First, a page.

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Upgrade to the DatabaseWe deployed some changes how we handle series in February.
- series now have tracking links which are to replace the tracking notes, e.g. WildC.A.T.s (Image, 1995 Series)
- series can be marked as a singleton series, e.g. Sam Zabel and the Magic Pen
Grand GCD Gathering during the Baltimore Comic-Con in September
Make your plans now to attend the Grand GCD Gathering during the Baltimore Comic-Con on September 25-27, 2015 at the Baltimore Convention Center in Downtown Baltimore, Maryland. This will be an historic meeting, where more of us will meet face-to-face than ever before. Come by and visit our booth we will have at the show! More Information to come!
Comics listed by on-sale date!
We added a page to list the issues which are on-sale for a given week. You can help us keeping these lists up to date by adding the on-sale date for a given issue, or even adding the issue if not already in the database. For US comics the on-sale dates can typically be determined from the shipping lists at PREVIEWSworld or ComicList.
GCD Comics Timeline
As an adolescent, Dan Mishkin formed a writing partnership with Gary Cohn. Mishkin and Cohn entered the comics industry together following a correspondence with Jack C. Harris, an editor at DC Comics. Their first work for the company was the three-page short story "On the Day of His Return" published in Time Warp #3 (February–March 1980) and drawn by Steve Ditko. They wrote several stories for various mystery titles as well as the "OMAC" backup in The Warlord. In 1983, Mishkin, Cohn and artist Ernie Colón created Amethyst, Princess of Gemworld. The following year, the writing team and Paris Cullins introduced Blue Devil. DC gave both series a promotional push by featuring them in free, 16-page insert previews. Among other work, Mishkin had a run on Wonder Woman from 1982 through 1985 with artists Gene Colan and Don Heck. Mishkin and Colan reintroduced the character Circe to the rogues gallery of Wonder Woman's adversaries. Mishkin and Jeff Grubb authored the Advanced Dungeons & Dragons (1988-1991) and Forgotten Realms (1989-1991) comic books, and Mishkin also wrote a Dragonlance (1988-1991) comic. In 2001, he worked with artist Tom Mandrake on the short lived series Creeps and in 2006 on the children's book The Forest King: Woodlark's Shadow. Mishkin organized the "Kids Read Comics" convention in Chelsea, Michigan in June 2009.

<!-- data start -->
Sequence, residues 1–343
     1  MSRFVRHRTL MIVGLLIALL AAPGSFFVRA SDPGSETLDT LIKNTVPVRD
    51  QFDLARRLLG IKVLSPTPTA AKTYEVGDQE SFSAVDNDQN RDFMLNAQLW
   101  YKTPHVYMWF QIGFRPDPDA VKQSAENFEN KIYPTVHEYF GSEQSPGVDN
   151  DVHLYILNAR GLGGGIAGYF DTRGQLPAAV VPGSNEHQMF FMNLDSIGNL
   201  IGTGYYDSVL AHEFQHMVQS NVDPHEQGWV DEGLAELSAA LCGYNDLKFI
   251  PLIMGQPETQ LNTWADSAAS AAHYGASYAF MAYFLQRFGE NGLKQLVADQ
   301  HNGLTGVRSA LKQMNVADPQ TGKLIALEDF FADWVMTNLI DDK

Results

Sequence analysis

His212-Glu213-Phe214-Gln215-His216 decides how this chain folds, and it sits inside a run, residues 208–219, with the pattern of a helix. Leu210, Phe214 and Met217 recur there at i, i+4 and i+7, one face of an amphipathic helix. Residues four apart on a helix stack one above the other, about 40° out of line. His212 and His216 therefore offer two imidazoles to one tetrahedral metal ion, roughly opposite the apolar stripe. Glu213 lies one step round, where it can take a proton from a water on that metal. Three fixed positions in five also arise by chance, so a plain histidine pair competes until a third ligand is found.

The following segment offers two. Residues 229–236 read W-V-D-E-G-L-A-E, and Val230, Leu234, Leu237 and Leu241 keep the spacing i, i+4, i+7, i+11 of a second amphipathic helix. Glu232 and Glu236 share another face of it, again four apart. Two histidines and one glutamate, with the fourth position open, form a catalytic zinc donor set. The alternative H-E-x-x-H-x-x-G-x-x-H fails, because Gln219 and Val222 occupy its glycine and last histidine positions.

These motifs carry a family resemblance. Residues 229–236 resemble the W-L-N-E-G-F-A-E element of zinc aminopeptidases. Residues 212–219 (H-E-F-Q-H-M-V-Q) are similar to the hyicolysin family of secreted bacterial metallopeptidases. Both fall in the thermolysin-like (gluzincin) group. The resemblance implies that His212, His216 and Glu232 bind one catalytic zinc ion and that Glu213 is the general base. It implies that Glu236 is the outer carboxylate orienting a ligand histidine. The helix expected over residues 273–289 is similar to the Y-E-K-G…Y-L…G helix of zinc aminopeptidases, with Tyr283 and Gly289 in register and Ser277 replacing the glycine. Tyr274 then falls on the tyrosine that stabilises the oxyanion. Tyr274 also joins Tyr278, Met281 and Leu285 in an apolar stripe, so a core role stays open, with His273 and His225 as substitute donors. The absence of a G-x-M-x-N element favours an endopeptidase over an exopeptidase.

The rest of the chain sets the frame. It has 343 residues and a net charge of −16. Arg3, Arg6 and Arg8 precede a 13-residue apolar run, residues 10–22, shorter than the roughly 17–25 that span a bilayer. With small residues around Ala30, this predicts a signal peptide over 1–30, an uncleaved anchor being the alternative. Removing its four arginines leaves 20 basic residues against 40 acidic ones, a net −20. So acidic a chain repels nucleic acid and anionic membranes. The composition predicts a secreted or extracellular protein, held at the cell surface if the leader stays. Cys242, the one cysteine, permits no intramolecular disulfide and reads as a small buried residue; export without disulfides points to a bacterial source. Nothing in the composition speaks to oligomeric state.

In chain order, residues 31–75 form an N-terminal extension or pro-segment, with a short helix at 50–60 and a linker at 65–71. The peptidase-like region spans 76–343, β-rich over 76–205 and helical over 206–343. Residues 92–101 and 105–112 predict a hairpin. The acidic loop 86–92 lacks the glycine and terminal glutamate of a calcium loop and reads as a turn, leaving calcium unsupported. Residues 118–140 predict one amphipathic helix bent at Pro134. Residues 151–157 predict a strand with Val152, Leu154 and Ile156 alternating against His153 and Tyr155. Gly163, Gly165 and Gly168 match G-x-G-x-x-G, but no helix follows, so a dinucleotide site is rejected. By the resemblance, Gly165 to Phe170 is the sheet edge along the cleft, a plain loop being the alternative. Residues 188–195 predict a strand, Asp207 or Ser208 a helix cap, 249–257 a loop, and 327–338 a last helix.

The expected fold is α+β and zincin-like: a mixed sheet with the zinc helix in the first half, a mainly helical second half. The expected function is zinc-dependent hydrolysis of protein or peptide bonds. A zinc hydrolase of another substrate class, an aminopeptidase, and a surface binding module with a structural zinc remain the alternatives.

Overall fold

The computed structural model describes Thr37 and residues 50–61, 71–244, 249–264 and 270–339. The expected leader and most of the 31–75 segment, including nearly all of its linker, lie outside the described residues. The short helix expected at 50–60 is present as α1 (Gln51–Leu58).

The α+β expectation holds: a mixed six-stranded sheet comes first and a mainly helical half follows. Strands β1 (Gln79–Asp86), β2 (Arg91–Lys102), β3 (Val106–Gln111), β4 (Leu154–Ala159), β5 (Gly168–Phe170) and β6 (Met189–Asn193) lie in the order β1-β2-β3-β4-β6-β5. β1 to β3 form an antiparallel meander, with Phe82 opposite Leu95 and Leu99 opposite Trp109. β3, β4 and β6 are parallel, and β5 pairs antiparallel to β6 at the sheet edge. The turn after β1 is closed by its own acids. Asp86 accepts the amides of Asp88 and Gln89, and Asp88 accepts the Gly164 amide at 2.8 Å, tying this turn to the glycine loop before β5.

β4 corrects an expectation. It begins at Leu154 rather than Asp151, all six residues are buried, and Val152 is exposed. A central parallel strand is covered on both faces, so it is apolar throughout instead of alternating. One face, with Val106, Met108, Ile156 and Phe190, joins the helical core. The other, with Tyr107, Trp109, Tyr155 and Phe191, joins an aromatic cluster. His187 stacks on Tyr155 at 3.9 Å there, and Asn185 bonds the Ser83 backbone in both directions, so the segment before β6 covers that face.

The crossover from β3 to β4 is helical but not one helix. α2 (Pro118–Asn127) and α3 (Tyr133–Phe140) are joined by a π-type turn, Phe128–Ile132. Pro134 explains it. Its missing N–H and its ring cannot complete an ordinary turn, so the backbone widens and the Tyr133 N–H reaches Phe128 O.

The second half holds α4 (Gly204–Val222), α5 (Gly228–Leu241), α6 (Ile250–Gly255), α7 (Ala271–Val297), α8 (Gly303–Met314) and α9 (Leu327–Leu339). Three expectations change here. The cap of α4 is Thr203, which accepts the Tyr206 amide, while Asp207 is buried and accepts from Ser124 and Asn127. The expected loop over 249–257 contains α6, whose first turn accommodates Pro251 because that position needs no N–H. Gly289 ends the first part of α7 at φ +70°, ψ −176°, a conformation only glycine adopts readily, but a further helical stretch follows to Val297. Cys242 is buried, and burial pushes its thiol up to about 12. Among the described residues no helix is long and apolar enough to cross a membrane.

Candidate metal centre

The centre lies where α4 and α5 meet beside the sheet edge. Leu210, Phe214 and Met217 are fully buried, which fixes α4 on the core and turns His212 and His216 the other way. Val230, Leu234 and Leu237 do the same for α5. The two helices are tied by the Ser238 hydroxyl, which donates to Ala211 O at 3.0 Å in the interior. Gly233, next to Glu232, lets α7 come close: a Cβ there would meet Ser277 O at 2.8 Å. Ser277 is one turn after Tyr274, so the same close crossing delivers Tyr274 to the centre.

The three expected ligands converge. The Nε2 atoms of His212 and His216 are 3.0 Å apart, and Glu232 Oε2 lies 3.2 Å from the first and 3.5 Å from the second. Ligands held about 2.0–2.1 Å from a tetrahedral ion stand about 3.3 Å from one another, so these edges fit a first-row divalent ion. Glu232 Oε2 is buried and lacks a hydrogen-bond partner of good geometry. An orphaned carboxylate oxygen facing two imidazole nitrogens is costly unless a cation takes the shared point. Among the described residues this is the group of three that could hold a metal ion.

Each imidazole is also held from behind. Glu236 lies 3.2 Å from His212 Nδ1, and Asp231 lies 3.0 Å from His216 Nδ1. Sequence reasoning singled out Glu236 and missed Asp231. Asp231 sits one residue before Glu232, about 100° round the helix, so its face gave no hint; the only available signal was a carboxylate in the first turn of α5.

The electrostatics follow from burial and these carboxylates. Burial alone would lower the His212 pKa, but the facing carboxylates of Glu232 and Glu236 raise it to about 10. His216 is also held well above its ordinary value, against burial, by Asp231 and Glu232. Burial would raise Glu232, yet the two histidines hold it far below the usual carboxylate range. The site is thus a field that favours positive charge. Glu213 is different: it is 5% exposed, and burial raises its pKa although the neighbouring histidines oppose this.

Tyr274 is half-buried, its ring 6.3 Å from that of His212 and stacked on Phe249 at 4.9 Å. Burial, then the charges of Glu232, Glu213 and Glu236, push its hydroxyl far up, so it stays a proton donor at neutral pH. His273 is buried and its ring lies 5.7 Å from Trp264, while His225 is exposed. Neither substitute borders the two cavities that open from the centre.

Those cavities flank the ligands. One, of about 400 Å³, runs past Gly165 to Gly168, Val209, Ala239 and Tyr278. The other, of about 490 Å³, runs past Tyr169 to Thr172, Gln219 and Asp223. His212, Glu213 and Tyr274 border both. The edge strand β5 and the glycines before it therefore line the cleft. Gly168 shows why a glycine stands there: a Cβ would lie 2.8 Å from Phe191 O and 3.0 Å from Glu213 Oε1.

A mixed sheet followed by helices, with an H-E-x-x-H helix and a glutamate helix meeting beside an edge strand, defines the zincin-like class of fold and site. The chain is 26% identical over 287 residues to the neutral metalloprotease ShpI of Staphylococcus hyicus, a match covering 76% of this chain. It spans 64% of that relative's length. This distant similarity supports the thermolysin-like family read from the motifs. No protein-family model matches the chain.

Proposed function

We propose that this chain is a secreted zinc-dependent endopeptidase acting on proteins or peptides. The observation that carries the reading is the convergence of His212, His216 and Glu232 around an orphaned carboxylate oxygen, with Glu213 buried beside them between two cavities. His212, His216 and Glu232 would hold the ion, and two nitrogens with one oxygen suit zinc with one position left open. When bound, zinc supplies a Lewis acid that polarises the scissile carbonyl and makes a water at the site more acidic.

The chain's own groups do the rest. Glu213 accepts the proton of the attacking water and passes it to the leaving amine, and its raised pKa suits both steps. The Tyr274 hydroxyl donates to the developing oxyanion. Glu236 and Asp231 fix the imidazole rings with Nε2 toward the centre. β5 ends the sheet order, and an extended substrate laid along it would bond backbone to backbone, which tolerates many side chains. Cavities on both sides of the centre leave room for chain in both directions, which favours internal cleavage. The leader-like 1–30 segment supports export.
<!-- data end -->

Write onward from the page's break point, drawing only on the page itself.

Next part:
Dan Mishkin in the Grand Comics Database:
He has also written two sequel novels to Road to Perdition: Road to Purgatory and Road to Paradise. He also wrote three more graphic novels starring the characters from Road to Perdition. These graphic novels, called collectively On the Road to Perdition, form the basis of the film.
He also co-founded the International Association of Media Tie-in Writers with Lee Goldberg. The IAMTW is an organization for writers of tie-ins and novelizations.
Collins studied in the Iowa Writers' Workshop at the University of Iowa.
Collins is a fan of the mystery writer Mickey Spillane from childhood and later became friends with him. The two collaborated on a comic book series in the 1990s called Mike Danger. Upon Spillane's death in 2006, Collins was entrusted to finish several uncompleted works by Spillane including Dead Street, The Goliath Bone, and The Big Bang. Several other uncompleted works may be finished by Collins and published in the future.
Max Allan Collins in the Grand Comics Database:
Modesty Blaise is a British comic strip featuring a fictional character of the same name, created by author Peter O'Donnell and illustrator Jim Holdaway in 1963. The strip follows Modesty Blaise, an exceptional young woman with many talents and a criminal past, and her trusty sidekick Willie Garvin. It was adapted into films in 1966, 1982, and 2003, and from 1965 onwards eleven novels and two short story collections were written.